Not cross-country, not out of the city, not even out of my building. Just to another floor. And, into a lovely, larger, lighter place. You’d figure, for a laid back, outwardly chill zen renegade dude, it’d all be okay…but no.
Being in our new place will be great, but the process of getting ready, getting moved and getting settled. Not fun. So, I’m breathing through it and, as always, trying to figure out what the experience can teach me…and you. After all, my pain should be your awakening…
1. Parkinson’s Law Applies to Stuff as Well as Time.
Parkinson’s Law says:
The work needed to complete a task will expand or contract to perfectly match whatever amount of time you’ve allotted.
So, if you give yourself a month to write your next book, that’s how long it will take. And, if you give yourself a year, 364 days later, you’ll be bitching, moaning and deep into your 8th can of Red Bull rushing to get it done on time.
Parkinson was a smart bloke, but I wonder if he ever moved?
Because, if he did, I bet he’d have extended his theory to stuff. I’ve lived in studio apartments, one bedrooms, two bedrooms, lofts, 3 bedrooms, houses and more. And, no matter where I end up or who I’m with, one constant always holds true…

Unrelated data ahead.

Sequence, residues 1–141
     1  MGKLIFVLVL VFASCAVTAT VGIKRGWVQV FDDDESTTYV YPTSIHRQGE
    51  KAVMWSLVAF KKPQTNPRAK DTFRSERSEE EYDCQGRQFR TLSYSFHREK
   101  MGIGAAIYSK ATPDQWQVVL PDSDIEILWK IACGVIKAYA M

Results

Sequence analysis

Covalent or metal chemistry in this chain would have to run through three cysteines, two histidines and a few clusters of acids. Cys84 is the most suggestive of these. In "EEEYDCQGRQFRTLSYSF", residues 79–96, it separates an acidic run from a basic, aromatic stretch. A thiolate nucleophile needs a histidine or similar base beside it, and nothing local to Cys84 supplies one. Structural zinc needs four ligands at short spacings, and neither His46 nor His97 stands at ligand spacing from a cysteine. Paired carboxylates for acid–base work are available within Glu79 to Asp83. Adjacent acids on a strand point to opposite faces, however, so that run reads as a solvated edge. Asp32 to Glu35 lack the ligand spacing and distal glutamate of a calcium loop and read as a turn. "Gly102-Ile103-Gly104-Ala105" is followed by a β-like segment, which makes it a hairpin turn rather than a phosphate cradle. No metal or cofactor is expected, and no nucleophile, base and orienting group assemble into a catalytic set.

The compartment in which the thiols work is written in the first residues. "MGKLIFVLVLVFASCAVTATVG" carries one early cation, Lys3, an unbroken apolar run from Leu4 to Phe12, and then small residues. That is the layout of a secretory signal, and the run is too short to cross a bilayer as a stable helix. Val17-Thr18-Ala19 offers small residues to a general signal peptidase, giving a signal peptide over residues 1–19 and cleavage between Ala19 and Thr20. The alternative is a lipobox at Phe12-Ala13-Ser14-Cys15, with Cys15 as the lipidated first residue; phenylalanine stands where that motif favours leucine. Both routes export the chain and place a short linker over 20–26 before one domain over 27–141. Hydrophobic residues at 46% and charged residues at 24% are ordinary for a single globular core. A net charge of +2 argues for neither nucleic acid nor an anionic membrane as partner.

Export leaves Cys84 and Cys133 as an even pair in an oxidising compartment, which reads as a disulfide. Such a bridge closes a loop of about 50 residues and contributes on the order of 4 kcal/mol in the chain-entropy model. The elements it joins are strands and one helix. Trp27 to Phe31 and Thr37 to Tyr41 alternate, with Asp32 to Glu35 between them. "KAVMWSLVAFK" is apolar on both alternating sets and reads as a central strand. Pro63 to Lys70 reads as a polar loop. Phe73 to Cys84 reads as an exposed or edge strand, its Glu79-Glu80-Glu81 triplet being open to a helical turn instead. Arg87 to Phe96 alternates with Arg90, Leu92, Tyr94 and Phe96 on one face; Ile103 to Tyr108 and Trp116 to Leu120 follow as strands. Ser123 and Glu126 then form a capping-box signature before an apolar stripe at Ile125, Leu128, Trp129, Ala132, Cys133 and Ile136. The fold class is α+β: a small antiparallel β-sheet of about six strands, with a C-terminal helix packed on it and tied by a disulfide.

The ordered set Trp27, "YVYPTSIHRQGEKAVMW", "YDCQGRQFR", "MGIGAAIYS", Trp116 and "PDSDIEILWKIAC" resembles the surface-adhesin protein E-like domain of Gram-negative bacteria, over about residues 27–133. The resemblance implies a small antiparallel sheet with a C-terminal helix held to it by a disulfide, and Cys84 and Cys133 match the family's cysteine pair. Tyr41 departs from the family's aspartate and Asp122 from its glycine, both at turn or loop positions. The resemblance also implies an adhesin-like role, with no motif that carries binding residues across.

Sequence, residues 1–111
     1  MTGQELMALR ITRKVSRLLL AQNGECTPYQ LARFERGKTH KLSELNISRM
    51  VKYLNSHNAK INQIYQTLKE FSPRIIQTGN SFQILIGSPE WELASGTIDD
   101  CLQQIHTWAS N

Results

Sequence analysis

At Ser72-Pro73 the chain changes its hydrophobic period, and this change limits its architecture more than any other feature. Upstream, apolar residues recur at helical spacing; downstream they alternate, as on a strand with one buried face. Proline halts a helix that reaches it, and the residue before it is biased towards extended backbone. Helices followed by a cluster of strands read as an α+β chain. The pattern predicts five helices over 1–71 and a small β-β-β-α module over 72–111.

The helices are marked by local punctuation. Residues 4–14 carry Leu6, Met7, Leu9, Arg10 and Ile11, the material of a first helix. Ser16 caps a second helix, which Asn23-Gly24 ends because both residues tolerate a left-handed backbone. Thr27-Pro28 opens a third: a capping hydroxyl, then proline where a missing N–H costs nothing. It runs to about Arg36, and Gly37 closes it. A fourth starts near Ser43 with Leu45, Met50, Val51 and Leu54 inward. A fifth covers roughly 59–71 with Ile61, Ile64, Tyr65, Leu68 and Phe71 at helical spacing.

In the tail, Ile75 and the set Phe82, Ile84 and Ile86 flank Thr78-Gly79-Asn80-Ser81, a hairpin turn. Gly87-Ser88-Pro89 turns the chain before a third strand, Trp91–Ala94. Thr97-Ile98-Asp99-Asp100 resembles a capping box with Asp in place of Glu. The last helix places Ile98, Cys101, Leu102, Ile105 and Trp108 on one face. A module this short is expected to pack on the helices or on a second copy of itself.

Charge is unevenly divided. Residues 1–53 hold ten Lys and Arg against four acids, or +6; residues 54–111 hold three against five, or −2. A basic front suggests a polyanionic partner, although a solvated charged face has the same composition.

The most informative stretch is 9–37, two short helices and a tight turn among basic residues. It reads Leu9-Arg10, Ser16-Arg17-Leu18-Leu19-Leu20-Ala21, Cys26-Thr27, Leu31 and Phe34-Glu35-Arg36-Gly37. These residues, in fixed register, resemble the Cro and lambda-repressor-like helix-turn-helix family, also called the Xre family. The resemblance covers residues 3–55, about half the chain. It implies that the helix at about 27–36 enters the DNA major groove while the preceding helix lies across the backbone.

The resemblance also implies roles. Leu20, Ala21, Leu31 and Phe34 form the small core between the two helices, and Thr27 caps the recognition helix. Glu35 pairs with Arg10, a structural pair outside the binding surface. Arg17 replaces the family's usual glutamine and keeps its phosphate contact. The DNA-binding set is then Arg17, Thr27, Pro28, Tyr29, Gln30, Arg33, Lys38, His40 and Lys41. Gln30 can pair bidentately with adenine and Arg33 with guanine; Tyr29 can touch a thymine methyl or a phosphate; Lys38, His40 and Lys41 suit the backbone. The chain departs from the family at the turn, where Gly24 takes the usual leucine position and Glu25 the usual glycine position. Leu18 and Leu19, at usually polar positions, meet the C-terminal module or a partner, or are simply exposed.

You will accumulate precisely the volume of stuff your living space can hold without breaking floor joists or rupturing closet arteries.
Actually, that’s not quite right. If I’m gonna be honest here, we need to modify this rule to allow for as much stuff as can be held in your home, a modestly priced storage unit and your in-laws attic.
2. How Far You’re Moving is Irrelevant.
People are saying to us, “man, you’re lucky, you’re just moving 3 floors away in the same building.” Lucky my ass! In fact, it’s easier to move farther away. Here’s why.
When you’re moving farther away, you line up a team of people to help with everything from packing to storage and moving. But, when you’re moving within the same building, you start to have these idiotic thoughts about how much money you’ll save by not having to hire a moving company.
I mean, c’mon, how hard could it be, it’s only a few floors. And, you don’t even really have to pack, right, because nothing’s going to break on the elevator.
Sounds great…until 3 days before the move when you finally realize you’ve amassed 16.2 times more stuff than you thought you had and after 2 days of packing and no visual cues that’d suggest progress, it dawns on you what an awful idea going it alone was.